It’s set comfortably in England (and partly in Wales), without the foreign local colour that seems to be fashionable but tends to put me off when I pick up a book. The conversations are natural. There’s human interest.

But it doesn’t have “a certain je ne sais quoi” and, frankly, je ne sais quoi.

Mediaeval Latin Lyrics

By Helen Waddell

Not having benefitted from a classical education, I have never been able to teach myself enough Latin to read anything but the simplest books a vue — the Legenda Aurea or the Vita Karoli Magni and the easier bits from the Colloquia. So, when the Holy Nicholas of Myra presented me with a bilingual compilation of Medieval Latin verse, I was tickled to death.

  • Author: Helen Waddell
  • Publisher: Penguin Classics
  • Published: 1962 (1929)
  • Pages: 352

And not for nothing. Finally I have a compilation of Latin verse where even I, with my meager knowledge, can correct the translator. When Ausonius writes olim regum et puerorum nomina, it is surely essential to get the contrast that is caused by the juxtaposition of kings and children in the translation, and not merely give up with “once bewailed names of kings.” The Dutch translation that springs to mind is “eens de namen van koningen en kinderen”, but I have to admit that I cannot so readily phrase that in alliterating English.

There are other places where Helen Waddell, who is otherwise about as far above my touch as a person can be, is busy rhyming instead of translating. A pity, since I now cannot use the volume as a crib to aid my own imperfect understanding.

The usefulness as a crib is further diminished by the printing of the Latin text in a slightly smaller font than the translation. It does not succeed in its apparent goal of focusing attention on the English, and means that English and Latin line up even worse than usual. Add to that that English is usual wordier, and the outline of the problem will be clear.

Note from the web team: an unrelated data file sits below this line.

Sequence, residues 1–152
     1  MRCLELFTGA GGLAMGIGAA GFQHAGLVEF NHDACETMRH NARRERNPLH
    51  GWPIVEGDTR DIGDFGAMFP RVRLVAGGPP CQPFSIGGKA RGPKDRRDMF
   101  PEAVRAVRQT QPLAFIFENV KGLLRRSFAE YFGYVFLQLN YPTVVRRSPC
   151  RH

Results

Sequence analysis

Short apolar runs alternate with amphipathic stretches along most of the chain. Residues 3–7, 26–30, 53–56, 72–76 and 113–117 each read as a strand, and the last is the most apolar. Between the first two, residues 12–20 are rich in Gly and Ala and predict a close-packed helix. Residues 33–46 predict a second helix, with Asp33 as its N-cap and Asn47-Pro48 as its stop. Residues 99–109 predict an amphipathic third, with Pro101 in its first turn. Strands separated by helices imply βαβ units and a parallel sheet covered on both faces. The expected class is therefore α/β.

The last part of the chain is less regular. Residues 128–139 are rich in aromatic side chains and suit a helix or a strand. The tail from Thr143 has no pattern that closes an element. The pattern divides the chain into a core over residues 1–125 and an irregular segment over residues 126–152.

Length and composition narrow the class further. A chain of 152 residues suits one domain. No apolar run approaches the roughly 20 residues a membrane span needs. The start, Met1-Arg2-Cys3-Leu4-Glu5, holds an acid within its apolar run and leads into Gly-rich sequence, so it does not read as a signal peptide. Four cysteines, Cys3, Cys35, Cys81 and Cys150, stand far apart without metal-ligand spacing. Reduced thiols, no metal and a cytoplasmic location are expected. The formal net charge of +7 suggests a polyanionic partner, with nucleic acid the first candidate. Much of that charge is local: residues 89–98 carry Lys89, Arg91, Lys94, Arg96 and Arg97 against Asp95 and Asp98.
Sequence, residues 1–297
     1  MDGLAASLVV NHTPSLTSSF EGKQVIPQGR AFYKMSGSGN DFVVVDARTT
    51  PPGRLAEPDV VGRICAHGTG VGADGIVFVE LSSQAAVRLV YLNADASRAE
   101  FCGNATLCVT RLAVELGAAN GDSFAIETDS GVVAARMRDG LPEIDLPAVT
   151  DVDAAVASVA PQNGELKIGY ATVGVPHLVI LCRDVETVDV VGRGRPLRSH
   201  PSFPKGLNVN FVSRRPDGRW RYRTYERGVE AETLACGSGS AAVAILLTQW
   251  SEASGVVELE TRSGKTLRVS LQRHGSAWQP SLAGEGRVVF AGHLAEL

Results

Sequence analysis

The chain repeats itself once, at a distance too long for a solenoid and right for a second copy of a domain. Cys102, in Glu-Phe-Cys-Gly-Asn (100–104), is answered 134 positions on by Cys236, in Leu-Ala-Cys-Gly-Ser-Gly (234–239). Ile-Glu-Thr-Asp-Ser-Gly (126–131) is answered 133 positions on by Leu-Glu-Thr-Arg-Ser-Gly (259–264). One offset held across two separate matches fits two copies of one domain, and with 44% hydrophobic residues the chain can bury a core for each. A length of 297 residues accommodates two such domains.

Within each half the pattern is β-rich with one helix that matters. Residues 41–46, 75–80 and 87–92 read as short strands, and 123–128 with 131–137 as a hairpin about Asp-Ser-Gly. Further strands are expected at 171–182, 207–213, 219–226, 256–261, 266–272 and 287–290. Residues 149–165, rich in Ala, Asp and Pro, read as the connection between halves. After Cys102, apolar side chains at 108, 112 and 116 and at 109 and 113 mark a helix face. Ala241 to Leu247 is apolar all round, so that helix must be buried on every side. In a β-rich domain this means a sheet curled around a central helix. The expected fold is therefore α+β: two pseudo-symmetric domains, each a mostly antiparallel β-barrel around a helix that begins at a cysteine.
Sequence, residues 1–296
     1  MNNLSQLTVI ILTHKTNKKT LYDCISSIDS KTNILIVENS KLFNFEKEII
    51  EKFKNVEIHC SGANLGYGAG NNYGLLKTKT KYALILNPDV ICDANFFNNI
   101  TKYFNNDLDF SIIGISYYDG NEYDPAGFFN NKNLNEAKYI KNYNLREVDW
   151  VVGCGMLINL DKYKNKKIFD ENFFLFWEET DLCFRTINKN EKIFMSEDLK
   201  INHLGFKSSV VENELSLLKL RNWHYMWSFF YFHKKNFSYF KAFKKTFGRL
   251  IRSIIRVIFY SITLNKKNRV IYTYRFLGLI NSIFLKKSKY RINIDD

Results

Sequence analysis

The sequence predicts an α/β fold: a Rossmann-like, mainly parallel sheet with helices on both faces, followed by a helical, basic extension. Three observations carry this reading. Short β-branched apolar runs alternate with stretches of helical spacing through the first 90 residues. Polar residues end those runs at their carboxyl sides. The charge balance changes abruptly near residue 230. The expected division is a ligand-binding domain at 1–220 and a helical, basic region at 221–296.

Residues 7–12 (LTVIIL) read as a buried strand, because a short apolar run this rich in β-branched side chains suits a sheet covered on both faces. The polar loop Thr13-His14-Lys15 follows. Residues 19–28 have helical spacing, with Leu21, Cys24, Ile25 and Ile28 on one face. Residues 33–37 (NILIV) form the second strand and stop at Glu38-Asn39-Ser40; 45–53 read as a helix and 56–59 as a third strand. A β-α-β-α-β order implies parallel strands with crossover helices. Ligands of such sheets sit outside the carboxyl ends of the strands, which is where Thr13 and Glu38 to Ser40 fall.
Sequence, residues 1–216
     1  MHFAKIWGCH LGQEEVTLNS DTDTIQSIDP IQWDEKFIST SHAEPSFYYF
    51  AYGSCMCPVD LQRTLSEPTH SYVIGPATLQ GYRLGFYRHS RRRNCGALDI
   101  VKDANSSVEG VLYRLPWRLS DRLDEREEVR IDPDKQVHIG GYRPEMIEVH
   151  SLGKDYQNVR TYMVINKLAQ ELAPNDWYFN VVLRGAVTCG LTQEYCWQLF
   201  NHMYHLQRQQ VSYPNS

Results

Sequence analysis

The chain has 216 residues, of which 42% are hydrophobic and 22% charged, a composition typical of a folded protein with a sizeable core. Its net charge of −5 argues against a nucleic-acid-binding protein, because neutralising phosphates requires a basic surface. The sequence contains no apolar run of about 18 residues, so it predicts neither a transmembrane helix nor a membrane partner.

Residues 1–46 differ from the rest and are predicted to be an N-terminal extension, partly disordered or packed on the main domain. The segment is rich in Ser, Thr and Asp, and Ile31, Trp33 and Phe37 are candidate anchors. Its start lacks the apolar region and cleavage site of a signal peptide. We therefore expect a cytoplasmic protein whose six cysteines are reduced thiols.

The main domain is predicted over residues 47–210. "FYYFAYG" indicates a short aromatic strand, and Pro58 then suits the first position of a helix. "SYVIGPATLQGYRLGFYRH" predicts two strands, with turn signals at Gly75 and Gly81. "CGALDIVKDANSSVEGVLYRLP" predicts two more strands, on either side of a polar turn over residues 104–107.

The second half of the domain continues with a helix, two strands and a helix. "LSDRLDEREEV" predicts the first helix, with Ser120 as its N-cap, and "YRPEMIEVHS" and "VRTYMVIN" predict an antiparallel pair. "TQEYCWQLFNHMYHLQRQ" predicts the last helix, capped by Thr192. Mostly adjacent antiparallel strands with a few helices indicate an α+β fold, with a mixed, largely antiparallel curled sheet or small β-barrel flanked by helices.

As to how her translations fare as poetry in their own right: even though they do not always accurately transfer the sense of the original, they are nice, as poems go. But I do think that the original authors generally produced a stronger bit of poetry, with more meaning, oomph and espieglerie to it. Even if they wrote in a timid, half-articulate Latin, as Helen Waddell reminds us in the preface.

Of course, in the end, this is a very famous and very class compilation that I just happened to stumble against (or rather, that Sinterklaas) stumbeled against — and criticism about seventy years after the fact is a bit silly. But I’m still glad I caught the kings & kids’ names.

Errantes silva in magna et sub luce maligna
inter harundineasque comas gravidumque papaver
et tacitos sine labe lacus, sine murmure rivos,
quorum per ripas nebuloso lumine marcent
fleti, olim regum et puerorum nomina, flores.

Summer Lightning

By P.G. Wodehouse

This is the third Blandings Novel, and a treat I’d saved myself for when I thought I’d really need it.

  • Author: P.G. Wodehouse
  • Publisher: Herbert Jenkins
  • Published: 1929
  • Pages: 318
  • Alternative title: Fish Preferred

I know I’m a strange kind of fish — there’s no use denying it. There are a few books I know I’m going to like that I only read small pieces from. A chapter here, a chapter there, saving the real treat for some other time. This is what I did with Summer Lightning. However, feeling rather miserable with one thing and another, I figured the time had come to allow myself a long draught of the Master’s tonic.